In this week’s Dispatches from The Secret Library, Dr Oliver Tearle pays homage to the master of English comic fiction
Saki’s short stories have everything going for them. For one, they’re short: a few years before Virginia Woolf penned her series of very short sketches about modern life, such as ‘A Haunted House’, ‘The Mark on the Wall’, and ‘Kew Gardens’, Saki – no modernist, but decidedly modern – had reduced the short story form to three pages which contained everything the story needed to contain, with no filler but more wit per page than just about any other English writer, with the possible exception of P. G. Wodehouse (who must have been influenced by Saki). He’s also good on two things which it’s difficult to be good on, as the late Christopher Hitchens observed: children and animals. A number of Saki’s stories touch upon the weird or macabre, while others settle for making us laugh. Many manage both. Read the rest of this entry
A reading of H. H. Munro’s miniature masterpiece
‘The Open Window’ is one of Saki’s shortest stories, and that’s saying something. Few of his perfectly crafted and deliciously written tales exceed four or five pages in length, but ‘The Open Window’, at barely three pages, outstrips even ‘The Lumber-Room’ or ‘Tobermory’ for verbal economy. It is so brief it has almost the air of a parable about it, except that it’s far from clear what the ‘moral’ of the story is, or even if there is one. Saki uses language so deftly and to such effect, that it is worth unpicking and analysing ‘The Open Window’ (which can be read in full here) a little.
Although on first glance it seems different from some of Saki’s better-known stories, such as his classic werewolf tale ‘Gabriel-Ernest’ and his story about a polecat worshipped as a god, ‘Sredni Vashtar’, ‘The Open Window’ follows the same essential setup as many of Saki’s other stories, in having an adolescent character whose supposed innocence (supposed by the adult character, that is) turns out to be guile, cunning, and the mischief in disguise. But whereas Nicholas in ‘The Lumber-Room’, Conradin in ‘Sredni Vashtar’, or Gabriel-Ernest actively seek to cause harm to their adult antagonists (or, in the case of Nicholas, to refuse to help an aunt who has got herself trapped in the water tank), Vera’s only weapon is her imagination. Yet this alone suggests that she shares some kinship with Conradin in ‘Sredni Vashtar’, whose cousin and guardian dislikes her ward’s imaginative streak. Read the rest of this entry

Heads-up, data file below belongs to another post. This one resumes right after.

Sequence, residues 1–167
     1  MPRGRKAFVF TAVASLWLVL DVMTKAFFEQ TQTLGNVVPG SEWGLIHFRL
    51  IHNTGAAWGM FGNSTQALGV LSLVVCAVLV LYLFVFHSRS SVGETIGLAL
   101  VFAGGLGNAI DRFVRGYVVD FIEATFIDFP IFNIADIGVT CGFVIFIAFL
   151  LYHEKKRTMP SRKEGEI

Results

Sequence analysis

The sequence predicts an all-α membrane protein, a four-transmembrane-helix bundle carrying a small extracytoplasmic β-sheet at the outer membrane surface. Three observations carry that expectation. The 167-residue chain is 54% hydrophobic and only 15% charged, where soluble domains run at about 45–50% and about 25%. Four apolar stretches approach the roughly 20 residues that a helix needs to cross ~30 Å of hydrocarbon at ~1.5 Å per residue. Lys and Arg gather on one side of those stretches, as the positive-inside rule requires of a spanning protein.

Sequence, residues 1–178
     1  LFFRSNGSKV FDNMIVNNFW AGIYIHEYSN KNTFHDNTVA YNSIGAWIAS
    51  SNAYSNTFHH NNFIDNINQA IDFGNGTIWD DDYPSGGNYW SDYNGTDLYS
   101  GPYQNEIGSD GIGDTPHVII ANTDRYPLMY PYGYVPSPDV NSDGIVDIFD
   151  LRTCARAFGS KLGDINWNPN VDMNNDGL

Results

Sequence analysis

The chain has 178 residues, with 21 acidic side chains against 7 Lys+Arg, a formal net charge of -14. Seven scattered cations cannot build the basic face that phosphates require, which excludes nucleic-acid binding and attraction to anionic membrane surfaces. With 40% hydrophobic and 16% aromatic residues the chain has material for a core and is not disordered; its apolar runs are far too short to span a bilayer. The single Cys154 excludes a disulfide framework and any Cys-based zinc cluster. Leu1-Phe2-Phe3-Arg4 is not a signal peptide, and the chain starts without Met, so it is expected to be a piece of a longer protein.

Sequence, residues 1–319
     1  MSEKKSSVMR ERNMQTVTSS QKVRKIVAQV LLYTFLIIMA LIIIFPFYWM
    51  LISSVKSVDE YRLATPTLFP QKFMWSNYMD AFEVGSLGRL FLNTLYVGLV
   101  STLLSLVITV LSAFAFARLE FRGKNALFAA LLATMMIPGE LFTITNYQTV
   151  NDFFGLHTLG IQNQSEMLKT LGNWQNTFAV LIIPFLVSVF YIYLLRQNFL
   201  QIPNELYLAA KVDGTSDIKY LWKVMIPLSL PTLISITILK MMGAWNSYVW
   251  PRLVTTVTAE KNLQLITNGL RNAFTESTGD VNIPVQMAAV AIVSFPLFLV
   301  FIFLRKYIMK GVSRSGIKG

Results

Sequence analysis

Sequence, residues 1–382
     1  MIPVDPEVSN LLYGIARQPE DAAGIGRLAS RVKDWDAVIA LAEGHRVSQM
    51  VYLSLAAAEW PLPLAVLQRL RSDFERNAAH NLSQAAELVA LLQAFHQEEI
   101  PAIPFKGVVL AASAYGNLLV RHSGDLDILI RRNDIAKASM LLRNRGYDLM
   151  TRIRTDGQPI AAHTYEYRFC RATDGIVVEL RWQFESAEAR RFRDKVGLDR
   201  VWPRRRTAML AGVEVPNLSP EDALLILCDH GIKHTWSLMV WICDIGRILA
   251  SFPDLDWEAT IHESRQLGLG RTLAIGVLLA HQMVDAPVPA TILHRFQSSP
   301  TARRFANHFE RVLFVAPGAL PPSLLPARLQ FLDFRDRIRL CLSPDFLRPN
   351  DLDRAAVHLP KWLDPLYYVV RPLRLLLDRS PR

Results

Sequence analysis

A reading of a classic short story
The 1911 short story ‘Sredni Vashtar’ contains many of the ingredients we find in Saki’s best fiction: it challenges the idea that children are innocent and free from designs or cunning (or, indeed, evil), it pricks the pomposity of adults and their conservative treatment of children, and it suggests a kinship between children and animals, something we can also observe in Saki’s earlier story, ‘Gabriel-Ernest’. But ‘Sredni Vashtar’ might also be considered a darker version of the familiar trope found in children’s fiction: the idea of the child having a wish granted. It might also be viewed as a satirical take on religious practice and observance. The story is shot through with Saki’s celebrated wit, and deserves closer analysis. You can read the story here.
First, a brief summary of the plot of ‘Sredni Vashtar’. Conradin, a young boy of ten, has a deadly disease. He lives with his cousin and guardian, Mrs De Ropp, whom he dislikes. He likes to spend his time in the garden shed among the two living companions he likes: a hen and a ferret. The latter has become more than a pet: Conradin has made him the basis of his own personal religion, and he worships the ferret as a god, giving it the name ‘Sredni Vashtar’ and bringing it offerings of stolen nutmeg. The shed has become his own private church. Read the rest of this entry